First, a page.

5. Wendy, that's my favourite kind of horror. Hope you enjoy the book :)

    Loren: I think I actually found James creepier! I love Lovecraft too, of course, but more for the whole mythology behind his stories. And surprisingly enough, I thought that the stories very readable. More than I expected, anyway. Thanks for the links!

    Ladytink: I've heard about those adaptations. I wonder how good they are. It's hard to imagine adapting James to TV or cinema, because so much of what makes the story work depends on how he words things.

    Rhinoa: I'm glad I'm not the only one! It turns out that a lot of authors cite him as an influence, including cool people like China Mieville (I've just finished King Rat, btw, and it was great!) His stories seem to be half-forgotten classics.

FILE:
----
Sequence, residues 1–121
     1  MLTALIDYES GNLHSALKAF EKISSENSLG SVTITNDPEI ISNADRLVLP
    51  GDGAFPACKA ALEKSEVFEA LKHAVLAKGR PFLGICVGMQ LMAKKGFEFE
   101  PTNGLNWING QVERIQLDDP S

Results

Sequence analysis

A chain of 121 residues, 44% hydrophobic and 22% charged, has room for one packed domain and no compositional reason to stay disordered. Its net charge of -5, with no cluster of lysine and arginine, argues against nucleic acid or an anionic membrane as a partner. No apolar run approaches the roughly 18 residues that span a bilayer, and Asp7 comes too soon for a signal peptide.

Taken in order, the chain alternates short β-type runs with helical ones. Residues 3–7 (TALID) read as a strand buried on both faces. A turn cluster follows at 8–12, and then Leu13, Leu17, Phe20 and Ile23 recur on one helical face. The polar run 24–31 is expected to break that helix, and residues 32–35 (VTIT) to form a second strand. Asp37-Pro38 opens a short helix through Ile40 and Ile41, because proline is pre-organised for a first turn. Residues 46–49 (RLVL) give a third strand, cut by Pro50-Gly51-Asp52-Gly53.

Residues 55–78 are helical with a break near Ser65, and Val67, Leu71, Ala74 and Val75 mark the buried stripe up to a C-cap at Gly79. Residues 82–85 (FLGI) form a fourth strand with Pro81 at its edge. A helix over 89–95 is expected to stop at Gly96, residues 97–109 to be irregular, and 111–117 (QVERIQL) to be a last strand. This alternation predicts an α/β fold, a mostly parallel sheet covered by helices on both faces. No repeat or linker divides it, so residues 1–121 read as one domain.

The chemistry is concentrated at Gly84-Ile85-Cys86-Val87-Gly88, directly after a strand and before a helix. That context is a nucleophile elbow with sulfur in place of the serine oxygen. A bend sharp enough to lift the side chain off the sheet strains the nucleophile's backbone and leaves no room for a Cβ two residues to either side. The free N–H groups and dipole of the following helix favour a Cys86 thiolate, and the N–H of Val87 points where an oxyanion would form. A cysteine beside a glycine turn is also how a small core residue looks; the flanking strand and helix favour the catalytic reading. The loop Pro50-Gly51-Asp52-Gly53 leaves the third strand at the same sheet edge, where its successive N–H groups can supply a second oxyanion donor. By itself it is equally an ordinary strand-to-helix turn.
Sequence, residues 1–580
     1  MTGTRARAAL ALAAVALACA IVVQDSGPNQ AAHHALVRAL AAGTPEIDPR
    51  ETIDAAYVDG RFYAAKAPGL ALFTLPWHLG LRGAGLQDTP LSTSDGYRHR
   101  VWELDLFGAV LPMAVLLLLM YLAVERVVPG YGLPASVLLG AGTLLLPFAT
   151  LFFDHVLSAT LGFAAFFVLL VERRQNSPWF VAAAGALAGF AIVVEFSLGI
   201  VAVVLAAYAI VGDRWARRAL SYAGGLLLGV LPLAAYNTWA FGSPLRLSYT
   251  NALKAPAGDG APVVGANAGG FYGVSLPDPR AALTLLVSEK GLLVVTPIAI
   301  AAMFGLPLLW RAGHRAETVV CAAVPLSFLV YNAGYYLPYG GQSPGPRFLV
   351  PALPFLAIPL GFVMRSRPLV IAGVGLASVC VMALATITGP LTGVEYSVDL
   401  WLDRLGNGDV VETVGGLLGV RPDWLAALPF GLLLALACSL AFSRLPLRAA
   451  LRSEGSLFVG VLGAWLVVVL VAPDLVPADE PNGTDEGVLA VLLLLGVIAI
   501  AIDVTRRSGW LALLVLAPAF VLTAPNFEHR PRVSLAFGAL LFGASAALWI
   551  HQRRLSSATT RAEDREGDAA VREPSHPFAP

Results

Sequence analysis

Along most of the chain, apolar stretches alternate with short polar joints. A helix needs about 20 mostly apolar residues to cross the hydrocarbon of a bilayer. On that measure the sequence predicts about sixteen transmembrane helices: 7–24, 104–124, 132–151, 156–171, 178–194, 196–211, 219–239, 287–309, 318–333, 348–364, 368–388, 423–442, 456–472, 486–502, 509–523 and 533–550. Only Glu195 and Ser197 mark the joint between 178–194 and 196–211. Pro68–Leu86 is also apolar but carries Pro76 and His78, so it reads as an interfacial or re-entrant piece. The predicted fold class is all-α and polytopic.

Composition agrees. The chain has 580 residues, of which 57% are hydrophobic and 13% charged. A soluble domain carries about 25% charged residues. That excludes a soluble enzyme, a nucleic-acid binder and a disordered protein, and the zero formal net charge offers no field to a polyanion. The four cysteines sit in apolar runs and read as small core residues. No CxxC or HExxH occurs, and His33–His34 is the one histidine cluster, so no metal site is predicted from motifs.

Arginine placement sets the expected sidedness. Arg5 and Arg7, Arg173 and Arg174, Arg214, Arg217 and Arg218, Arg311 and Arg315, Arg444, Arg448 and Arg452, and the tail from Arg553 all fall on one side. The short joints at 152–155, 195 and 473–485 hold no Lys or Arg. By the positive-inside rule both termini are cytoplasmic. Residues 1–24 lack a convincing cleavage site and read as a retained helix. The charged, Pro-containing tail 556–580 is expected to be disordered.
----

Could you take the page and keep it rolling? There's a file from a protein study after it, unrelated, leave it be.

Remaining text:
6. Excellent review, Nymeth. Glad you're another convert. I plan to read more M.R. James over Christmas... picking and choosing a bit as you suggest. But James is perfect Christmas reading.

  7. I've never heard of this author either but I do love most ghost stories. I love the cover art for this book though-it's awesome.

  8. Oh, I love ghost stories! And this one sounds great! I love what Philip Pullman said about ghosts... and I sure know what you mean about not being able to resist the book because I know I won't with a line like that! ;)

  9. Hi Nymeth! I'm not a big fan of ghost stories but this one does sound good. I might give it a try and like you mentioned, best to take it in small doses...

  10. I've seen this collection many times and have seen it mentioned many times in various texts by Lovecraft and Bierce - Your review makes me think it's about time I gave it a go.

    I like stories that don't actually come right out with the scares, but instead leave it up to the reader.